A new General Public Procurement Law in Costa Rica will enter into force on December 1, 2022, along with its Regulations.

One of the great milestones of this new contracting or public procurement regulation in the country is the uniformity and homogenization that will exist. As a rule, all State institutions must follow the procedures and provisions established therein, excluding the possibility of having different public procurement processes depending on the institution being analyzed.

In the case of the Costa Rican Social Security System, the procedures regulated in the Administrative Contracting Law and its Regulations are currently applied, supplemented by the "General Conditions for the Institutional Administrative Contracting of Goods and Services Developed by all the Decentralized Units and not Decentralized of the CCSS)”. Additionally, the institution applies a special procedure to directly import, manufacture, buy, sell, and export medications, raw materials, and conditioning and packaging materials required in their preparation, in accordance with articles 71 and 72 of the Constitutive Law of the CCSS and the "Regulation for the Purchase of Medicines and Raw Materials, Containers and Reagents".

The new General Law on Public Procurement will oblige the CCSS to implement all public procurement processes in accordance with the new provisions. This creates the challenge for companies supplying medicines, equipment and supplies to the CCSS, to have a comprehensive understanding of the new provisions applicable.

The following are some practical tips for CCSS provider companies in this context:

  • It is convenient to permanently prepare and train the technical teams and personnel involved in the purchasing processes regarding the new rules that operate these processes in the CCSS, based on the General Law of Public Procurement and its Regulations.
  • Ensure that they are listed as suppliers in the unified digital system regulated by the new Law. Although there are currently regulations that require the use of the SICOP for all public purchases, with the new Law there is no possibility of exceptions and even a contracting that is not done within the framework of the unified digital system could be considered void.
  • It is convenient to ensure constant training of company personnel involved in public procurement processes on the use of the unified digital system.
  • Companies are recommended to work with the CCSS to get involved in the market studies that will be carried out to determine the existence of a single supplier. With the new Law, the determination of sole supplier is an exception to the contest rule and must be preceded by a verification in the unified digital system, as well as a market study, and an invitation that must be made in said system, to know if there is more than one potential offeror to provide the contractual object and thus verify uniqueness.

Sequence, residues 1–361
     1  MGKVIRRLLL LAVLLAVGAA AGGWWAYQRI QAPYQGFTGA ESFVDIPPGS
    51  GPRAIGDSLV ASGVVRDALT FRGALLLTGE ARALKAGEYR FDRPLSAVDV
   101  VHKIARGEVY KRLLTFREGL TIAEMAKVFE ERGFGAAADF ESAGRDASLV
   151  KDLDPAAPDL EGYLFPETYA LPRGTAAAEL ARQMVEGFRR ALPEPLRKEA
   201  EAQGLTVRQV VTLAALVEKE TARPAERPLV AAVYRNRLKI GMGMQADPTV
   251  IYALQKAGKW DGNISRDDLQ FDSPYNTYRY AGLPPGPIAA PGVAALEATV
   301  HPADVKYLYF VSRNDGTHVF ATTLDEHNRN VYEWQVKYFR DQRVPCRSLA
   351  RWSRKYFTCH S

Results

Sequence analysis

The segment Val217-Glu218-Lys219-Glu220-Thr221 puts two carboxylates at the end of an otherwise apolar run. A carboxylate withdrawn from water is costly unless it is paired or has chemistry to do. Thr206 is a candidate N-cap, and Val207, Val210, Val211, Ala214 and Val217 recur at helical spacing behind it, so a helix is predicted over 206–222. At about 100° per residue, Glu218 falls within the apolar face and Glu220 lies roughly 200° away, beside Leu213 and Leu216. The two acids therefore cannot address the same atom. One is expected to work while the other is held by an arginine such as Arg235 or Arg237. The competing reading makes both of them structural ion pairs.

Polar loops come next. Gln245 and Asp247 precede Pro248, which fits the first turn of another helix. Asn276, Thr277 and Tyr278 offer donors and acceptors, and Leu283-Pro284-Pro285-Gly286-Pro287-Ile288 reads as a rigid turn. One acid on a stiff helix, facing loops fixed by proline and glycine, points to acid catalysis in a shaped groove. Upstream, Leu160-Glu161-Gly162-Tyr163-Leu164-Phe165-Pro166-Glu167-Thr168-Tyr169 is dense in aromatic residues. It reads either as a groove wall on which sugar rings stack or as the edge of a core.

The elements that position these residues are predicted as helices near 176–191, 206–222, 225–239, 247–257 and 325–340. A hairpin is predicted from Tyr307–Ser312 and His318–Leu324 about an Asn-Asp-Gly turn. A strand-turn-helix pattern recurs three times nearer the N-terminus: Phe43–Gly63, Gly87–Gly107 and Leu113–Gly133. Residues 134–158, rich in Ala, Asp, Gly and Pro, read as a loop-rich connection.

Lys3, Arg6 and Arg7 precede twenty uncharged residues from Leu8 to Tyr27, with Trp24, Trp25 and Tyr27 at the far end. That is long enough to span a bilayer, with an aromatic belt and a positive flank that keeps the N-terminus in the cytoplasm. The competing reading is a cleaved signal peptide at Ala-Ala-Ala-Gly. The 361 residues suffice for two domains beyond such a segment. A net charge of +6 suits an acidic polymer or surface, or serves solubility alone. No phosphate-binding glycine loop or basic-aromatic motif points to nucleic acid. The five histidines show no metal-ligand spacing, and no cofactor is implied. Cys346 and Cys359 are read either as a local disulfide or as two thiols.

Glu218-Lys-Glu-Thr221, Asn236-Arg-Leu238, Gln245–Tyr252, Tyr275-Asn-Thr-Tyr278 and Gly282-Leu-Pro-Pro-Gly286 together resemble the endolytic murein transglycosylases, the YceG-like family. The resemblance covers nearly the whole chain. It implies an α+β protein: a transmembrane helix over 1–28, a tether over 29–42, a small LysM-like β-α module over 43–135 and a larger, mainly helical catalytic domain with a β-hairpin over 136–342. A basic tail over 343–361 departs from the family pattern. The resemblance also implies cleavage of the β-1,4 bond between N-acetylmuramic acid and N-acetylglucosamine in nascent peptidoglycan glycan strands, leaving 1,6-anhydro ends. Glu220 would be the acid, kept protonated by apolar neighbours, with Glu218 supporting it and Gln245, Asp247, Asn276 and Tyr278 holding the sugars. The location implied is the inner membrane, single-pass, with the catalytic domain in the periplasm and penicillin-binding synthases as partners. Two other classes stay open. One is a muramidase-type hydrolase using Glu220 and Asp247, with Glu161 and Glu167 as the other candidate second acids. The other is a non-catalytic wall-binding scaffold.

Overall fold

• Explore the possibility of proposing new procurement mechanisms to the CCSS that may result in improved access to medicines for patients with complex diseases, based on the concepts of strategic contracting and innovative public procurement.
  • Prepare for additional steps to be carried out from the moment the Law and its Regulations come into force, as:
  • Register in the Registry of suppliers and subcontractors and in the Registry of Reduced Tenders (previously called direct contracting for small amounts).
  • Prepare and present the necessary Affidavits to register in the Registry of suppliers.
  • Verify the planning for each budget period and the CCSS projected procurement program (in the first month of each budget period), which must be published in the unified digital system by the Institution.
  • Give inputs to the Price Bank that must be created in the unified digital system to have a catalog of services and goods to determine the budgets in the purchase of medicines. This will serve to feed market studies and verify reference prices.
  • Consider some other relevant modifications of the new Law, such as:
    • The possibility of unilateral modification for no more than 20% of the amount and term of the original contract (exceptionally for 50%).
    • The possibility of contractual assignment without a maximum percentage or the need for prior authorization by the CGR.
    • The elimination of the sanction of warning to supplier companies and only the possibility of disqualification (simple sanction from 6 months to 2 years and qualified sanction from 2 to 10 years).

The possibility of termination of the contract due to the inactivity of the Administration or the contractor, for a period that reaches six months, either continuously or the sum of the partial suspensions.